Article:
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FUTURE WATCH | Drive and determination sets Muir on path to success

by Julie Robenhymer / Edmonton Oilers

Photo supplied by Western Michigan University.

At the 2013 NHL Draft, the Edmonton Oilers rolled the dice on a 17-year-old playing midget major AAA in the Midwest Elite Hockey League when they used the 113th selection in the fourth round on Aidan Muir. While most NHL prospects have played AAA, very few are actually drafted out of AAA, but to understand why the Oilers were willing to take a risk with Muir you have to go back to the previous fall….when he was invited to tryout for the Erie Otters of the Ontario Hockey League.

"It was the same year Connor McDavid joined the team," Muir explained. "It was great to be able to play with guys I knew were at a much higher level than I was, but then to also know that I was able to keep up with them…it gave me a lot of confidence that it was still possible for me to be an outstanding player and make it to the NHL."

While he was ultimately cut from the team - the last cut, to be exact - it might have been a blessing in disguise for the Brampton, Ontario native who had moved to Ann Arbor, Michigan with his family several years prior.

"It really helped me to see where I was at as a hockey player and what I needed to work on. It was a great experience," Muir said. "Even if I had made the team, it wasn't a done deal that I'd play there because I'd likely only be playing five or six minutes a game. I wanted to take advantage of this opportunity with the OHL to see where I stacked up, but I still had college hockey as my focus."

Muir went back to Victory Honda and physically dominated the MEHL. More OHL teams and USHL teams called inviting him to join them mid-season, but he turned them all down.

"We were rolling as a team and I was rolling as a player and I wanted to stay with them and play with them. I wasn't going to leave them," he explained. "We even went on a 25-game win streak that year."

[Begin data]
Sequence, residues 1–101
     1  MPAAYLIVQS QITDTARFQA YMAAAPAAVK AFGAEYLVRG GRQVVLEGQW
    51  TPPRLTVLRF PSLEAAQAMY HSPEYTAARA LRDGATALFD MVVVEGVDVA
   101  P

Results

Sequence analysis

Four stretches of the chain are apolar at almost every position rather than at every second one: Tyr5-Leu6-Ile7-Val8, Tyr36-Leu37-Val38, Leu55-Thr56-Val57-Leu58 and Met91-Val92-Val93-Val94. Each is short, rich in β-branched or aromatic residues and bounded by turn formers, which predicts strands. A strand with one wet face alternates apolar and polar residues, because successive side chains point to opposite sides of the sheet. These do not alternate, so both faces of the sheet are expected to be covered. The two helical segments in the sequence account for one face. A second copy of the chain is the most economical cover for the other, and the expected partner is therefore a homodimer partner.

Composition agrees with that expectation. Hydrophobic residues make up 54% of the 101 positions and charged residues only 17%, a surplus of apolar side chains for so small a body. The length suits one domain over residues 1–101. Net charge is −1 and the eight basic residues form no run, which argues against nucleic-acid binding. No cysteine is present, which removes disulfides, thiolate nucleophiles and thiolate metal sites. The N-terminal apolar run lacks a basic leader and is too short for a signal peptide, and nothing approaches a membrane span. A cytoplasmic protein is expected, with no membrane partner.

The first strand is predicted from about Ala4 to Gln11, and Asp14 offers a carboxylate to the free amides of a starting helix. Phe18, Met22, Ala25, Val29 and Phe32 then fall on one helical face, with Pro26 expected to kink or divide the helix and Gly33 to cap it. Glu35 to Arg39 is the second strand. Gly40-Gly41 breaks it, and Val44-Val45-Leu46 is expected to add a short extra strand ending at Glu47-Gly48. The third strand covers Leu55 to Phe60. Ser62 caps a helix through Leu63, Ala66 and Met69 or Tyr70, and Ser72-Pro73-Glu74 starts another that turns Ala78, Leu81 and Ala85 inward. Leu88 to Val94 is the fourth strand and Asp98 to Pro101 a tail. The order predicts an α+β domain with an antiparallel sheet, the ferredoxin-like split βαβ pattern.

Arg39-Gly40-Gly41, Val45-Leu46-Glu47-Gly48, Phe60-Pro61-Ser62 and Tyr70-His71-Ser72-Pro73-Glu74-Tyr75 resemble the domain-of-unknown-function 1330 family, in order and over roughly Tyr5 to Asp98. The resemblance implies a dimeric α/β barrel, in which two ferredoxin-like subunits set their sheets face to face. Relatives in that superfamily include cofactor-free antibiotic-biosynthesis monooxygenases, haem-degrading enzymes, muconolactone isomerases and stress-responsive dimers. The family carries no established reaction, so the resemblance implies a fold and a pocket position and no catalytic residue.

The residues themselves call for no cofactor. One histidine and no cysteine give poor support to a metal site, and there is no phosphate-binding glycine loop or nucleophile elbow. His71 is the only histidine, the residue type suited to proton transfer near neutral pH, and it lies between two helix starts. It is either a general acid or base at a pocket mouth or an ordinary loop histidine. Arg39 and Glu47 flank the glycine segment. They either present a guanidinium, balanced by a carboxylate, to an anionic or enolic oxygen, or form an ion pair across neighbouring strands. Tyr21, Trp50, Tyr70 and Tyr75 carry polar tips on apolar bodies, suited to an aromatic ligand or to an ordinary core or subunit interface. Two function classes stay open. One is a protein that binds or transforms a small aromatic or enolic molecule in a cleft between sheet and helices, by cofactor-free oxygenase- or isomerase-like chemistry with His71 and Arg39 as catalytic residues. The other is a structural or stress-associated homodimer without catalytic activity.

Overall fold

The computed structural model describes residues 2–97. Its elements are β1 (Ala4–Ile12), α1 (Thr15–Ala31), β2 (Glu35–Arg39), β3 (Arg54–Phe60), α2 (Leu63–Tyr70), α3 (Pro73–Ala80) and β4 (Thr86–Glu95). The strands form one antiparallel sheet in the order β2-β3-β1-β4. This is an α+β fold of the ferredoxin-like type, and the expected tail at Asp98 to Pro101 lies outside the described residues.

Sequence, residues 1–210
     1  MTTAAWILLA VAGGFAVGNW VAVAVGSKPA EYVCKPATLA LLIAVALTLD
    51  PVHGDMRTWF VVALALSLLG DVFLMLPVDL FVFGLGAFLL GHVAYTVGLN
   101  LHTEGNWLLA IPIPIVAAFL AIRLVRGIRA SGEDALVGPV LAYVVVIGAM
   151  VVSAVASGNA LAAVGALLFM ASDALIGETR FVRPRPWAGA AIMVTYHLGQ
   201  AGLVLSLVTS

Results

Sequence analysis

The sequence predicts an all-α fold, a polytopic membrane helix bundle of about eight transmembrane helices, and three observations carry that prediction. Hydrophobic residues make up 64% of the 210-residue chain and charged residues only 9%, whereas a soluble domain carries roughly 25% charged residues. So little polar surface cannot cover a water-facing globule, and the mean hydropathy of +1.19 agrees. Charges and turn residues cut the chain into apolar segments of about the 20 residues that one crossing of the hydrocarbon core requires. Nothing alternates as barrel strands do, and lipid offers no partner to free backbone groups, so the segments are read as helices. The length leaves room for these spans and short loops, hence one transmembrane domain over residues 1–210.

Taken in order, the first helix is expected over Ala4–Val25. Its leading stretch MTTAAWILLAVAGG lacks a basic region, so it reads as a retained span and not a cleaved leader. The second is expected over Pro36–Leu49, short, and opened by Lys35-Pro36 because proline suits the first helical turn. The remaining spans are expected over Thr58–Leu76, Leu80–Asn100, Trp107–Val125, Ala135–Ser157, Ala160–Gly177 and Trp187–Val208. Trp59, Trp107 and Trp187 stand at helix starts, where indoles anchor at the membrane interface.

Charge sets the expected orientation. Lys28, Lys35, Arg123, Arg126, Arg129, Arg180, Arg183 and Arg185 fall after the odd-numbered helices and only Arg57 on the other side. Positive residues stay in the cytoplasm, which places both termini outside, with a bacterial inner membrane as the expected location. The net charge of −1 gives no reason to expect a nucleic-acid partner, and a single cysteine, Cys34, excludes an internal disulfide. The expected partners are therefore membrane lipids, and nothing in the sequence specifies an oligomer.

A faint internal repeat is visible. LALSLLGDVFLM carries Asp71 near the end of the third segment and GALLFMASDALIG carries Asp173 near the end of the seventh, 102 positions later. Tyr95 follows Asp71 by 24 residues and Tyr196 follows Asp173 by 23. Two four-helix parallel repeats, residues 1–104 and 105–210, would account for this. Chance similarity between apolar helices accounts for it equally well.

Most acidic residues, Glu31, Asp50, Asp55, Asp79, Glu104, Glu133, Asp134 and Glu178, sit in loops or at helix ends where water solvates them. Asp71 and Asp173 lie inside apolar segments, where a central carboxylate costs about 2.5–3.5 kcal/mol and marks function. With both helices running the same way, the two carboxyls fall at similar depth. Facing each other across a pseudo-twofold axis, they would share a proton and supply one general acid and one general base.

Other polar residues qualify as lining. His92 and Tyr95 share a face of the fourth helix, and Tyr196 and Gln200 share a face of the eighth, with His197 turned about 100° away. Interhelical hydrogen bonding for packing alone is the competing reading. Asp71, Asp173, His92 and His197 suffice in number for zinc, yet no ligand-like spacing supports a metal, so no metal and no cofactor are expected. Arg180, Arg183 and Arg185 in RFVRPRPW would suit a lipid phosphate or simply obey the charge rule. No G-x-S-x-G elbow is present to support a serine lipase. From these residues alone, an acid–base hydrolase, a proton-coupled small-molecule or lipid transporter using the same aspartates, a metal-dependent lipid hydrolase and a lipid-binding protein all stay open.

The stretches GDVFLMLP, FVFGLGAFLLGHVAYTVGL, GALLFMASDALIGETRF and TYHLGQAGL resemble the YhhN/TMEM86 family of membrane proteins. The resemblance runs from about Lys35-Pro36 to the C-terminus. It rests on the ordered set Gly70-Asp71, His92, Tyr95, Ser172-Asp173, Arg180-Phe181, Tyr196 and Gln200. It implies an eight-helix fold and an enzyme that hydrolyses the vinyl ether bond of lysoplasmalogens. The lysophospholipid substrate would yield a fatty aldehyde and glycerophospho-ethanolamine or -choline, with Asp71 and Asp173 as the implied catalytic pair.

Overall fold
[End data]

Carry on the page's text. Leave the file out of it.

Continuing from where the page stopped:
But don't ask him about the playoffs that year unless you want a peek into his competitive side.

"We had some iffy goaltending in the first two periods of the semifinal and then we came back, but we couldn't finish it," explained Muir. "I missed an open net - pretty mad at myself about that. And then, we didn't even get a bid to nationals, which is ridiculous! We were #2 in the nation for most of the year and couldn't even get the wildcard. I'm still pretty pissed about that."

Clearly...

It's that drive and determination to be successful, along with his tangible on-ice skills that had junior teams clamoring for his services and ultimately earned him a scholarship offer at Western Michigan University and the #1 selection in the 2013 USHL Draft by the Indiana Ice.

"That was unbelievable. First, to be selected first overall was pretty awesome, but it also meant Victory Honda had back-to-back first overall picks in the USHL, which was pretty cool too. Everyone knows who you are when you go number one and it only helps you in the NHL Draft," Muir said as he turned his focus to June and his ultimate goal of earning the opportunity to play in the NHL.

Photo supplied by Western Michigan University

"After I got drafted in the USHL, I had some NHL teams wanting to talk with me and it was fun telling people at school that I was talking to a scout from this team or that team and I'm not even sure people believed me," he said laughing. "No one really knew I played hockey because I didn't really talk about it and they assumed that if I wasn't on the high school hockey team, I probably wasn't very good. So, I think they were pretty surprised. It's too bad the NHL Draft happened after we graduated because then I could have gone back to school and everyone would have been like. 'Oh my God…he was serious!'"

While he didn't travel to New Jersey for the draft that year, his entire extended family made the trip from Canada to Ann Arbor for their very own draft party just in case his name was called.

"It was an amazing experience. There's always a doubt in your mind that you won't go - no one really expects to get drafted out of midget major - but I was playing really well so I was pretty confident," Muir explained. "When they called my name, everyone went crazy. It was the best day of my life so far."

While helping Indiana win the Clark Cup as USHL Champions that following year, Muir learned what it meant to be a team player and how best to utilize his then 6'3, 180 pound frame.

"I learned what kind of player I am. I developed more into a power forward and a role player. Now that I was playing at a higher level with better players, I had to play within my skill set and not just try to throw the team on my back and do everything. Everyone has a specific role and you have to do your job," he explained.

This is the same message Murray is trying to reinforce while Muir is under his direction in Kalamazoo.

"He's a strong skater. He's a north-south kind of guy. When he's playing his best he's got his feet moving. His problem is when he tries to be what he's not and tries to do too much," said the former NHL coach, who also coached Canada to three gold medals at the IIHF World Championships in 1997, 2003 and 2007. "He's a power forward that can skate and has good size and is difficult to play against. He's a guy that we count on and he plays a lot of minutes for us."